Phillips C.M.,Lawrence Berkeley National Laboratory
ACS chemical biology | Year: 2011

The high cost of enzymes for saccharification of lignocellulosic biomass is a major barrier to the production of second generation biofuels. Using a combination of genetic and biochemical techniques, we report that filamentous fungi use oxidative enzymes to cleave glycosidic bonds in cellulose. Deletion of cdh-1, the gene encoding the major cellobiose dehydrogenase of Neurospora crassa, reduced cellulase activity substantially, and addition of purified cellobiose dehydrogenases from M. thermophila to the Δcdh-1 strain resulted in a 1.6- to 2.0-fold stimulation in cellulase activity. Addition of cellobiose dehydrogenase to a mixture of purified cellulases showed no stimulatory effect. We show that cellobiose dehydrogenase enhances cellulose degradation by coupling the oxidation of cellobiose to the reductive activation of copper-dependent polysaccharide monooxygenases (PMOs) that catalyze the insertion of oxygen into C-H bonds adjacent to the glycosidic linkage. Three of these PMOs were characterized and shown to have different regiospecifities resulting in oxidized products modified at either the reducing or nonreducing end of a glucan chain. In contrast to previous models where oxidative enzymes were thought to produce reactive oxygen species that randomly attacked the substrate, the data here support a direct, enzyme-catalyzed oxidation of cellulose. Cellobiose dehydrogenases and proteins related to the polysaccharide monooxygenases described here are found throughout both ascomycete and basidiomycete fungi, suggesting that this model for oxidative cellulose degradation may be widespread throughout the fungal kingdom. When added to mixtures of cellulases, these proteins enhance cellulose saccharification, suggesting that they could be used to reduce the cost of biofuel production.

Mills E.,Lawrence Berkeley National Laboratory
Science | Year: 2012

Insurance industry trends show how market-based mechanisms support climate change mitigation and adaptation.

Yano J.,Lawrence Berkeley National Laboratory | Yachandra V.,Lawrence Berkeley National Laboratory
Chemical Reviews | Year: 2014

The current understanding of the structure of the Mn4CaO 5 cluster, as well as the water oxidation reaction based on the insights are reviewed. There are seven ligands directly ligated to the Mn 4CaO5 cluster, six carboxyl ligands (aspartate and glutamate) and one imidazole ligand (histidine). These ligands are from side chains from two domains of the D1 subunit, the interhelical CD luminal loop and the C-terminal region and one domain of CP43, the large helical EF luminal loop. Most of the ligands are arranged in a bidentate fashion bridging two metals. Simultaneous data collection of XRD and X-ray spectroscopy probes the overall protein structure from XRD and the electronic structure of the Mn 4CaO5 cluster in the oxygen-evolving complex from the spectroscopic data using the same samples under the same conditions. The use of the X-ray free electron laser (XFEL) pulses is critical for this approach.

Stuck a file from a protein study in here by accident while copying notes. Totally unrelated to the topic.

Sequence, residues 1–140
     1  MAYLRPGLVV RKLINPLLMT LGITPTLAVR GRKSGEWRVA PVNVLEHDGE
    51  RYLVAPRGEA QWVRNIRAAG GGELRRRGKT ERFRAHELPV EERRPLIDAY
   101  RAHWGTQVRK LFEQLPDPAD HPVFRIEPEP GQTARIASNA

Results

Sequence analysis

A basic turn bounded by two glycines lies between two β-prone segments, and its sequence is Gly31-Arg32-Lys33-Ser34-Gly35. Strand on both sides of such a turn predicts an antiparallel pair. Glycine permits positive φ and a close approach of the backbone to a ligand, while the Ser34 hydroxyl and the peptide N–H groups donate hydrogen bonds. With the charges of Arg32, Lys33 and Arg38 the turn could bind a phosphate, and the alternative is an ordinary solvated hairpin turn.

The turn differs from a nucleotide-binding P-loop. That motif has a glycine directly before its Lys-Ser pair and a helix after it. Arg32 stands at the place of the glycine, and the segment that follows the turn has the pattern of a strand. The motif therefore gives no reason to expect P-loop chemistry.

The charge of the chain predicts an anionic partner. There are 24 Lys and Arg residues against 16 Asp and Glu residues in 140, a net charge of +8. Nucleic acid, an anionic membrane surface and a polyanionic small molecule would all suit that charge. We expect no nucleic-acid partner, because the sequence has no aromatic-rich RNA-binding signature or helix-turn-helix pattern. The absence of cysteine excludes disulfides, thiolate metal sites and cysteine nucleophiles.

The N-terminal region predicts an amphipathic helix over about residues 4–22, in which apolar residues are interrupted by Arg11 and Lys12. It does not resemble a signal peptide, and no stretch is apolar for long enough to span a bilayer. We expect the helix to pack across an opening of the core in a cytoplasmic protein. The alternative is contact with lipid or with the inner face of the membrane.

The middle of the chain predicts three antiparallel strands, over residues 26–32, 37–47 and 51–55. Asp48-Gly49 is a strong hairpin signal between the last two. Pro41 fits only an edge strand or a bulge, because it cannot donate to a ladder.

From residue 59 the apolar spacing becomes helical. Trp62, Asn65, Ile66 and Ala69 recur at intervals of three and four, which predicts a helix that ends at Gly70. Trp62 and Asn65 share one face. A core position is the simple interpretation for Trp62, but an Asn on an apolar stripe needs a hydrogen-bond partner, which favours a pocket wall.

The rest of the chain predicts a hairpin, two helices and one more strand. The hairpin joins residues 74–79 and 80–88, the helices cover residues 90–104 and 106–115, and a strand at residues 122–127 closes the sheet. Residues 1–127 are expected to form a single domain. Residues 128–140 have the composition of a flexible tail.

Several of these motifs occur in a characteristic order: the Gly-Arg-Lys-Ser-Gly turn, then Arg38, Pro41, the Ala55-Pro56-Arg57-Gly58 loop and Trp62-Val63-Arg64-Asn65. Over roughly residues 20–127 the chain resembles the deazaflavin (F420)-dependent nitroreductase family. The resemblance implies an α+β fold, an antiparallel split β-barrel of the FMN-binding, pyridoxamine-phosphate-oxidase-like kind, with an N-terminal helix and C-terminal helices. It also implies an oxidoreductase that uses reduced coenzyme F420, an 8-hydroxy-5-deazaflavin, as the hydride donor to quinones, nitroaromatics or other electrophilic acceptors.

Ritchie R.O.,Lawrence Berkeley National Laboratory
Nature Materials | Year: 2011

The attainment of both strength and toughness is a vital requirement for most structural materials; unfortunately these properties are generally mutually exclusive. Although the quest continues for stronger and harder materials, these have little to no use as bulk structural materials without appropriate fracture resistance. It is the lower-strength, and hence higher-toughness, materials that find use for most safety-critical applications where premature or, worse still, catastrophic fracture is unacceptable. For these reasons, the development of strong and tough (damage-tolerant) materials has traditionally been an exercise in compromise between hardness versus ductility. Drawing examples from metallic glasses, natural and biological materials, and structural and biomimetic ceramics, we examine some of the newer strategies in dealing with this conflict. Specifically, we focus on the interplay between the mechanisms that individually contribute to strength and toughness, noting that these phenomena can originate from very different lengthscales in a material's structural architecture. We show how these new and natural materials can defeat the conflict of strength versus toughness and achieve unprecedented levels of damage tolerance within their respective material classes. © 2011 Macmillan Publishers Limited. All rights reserved.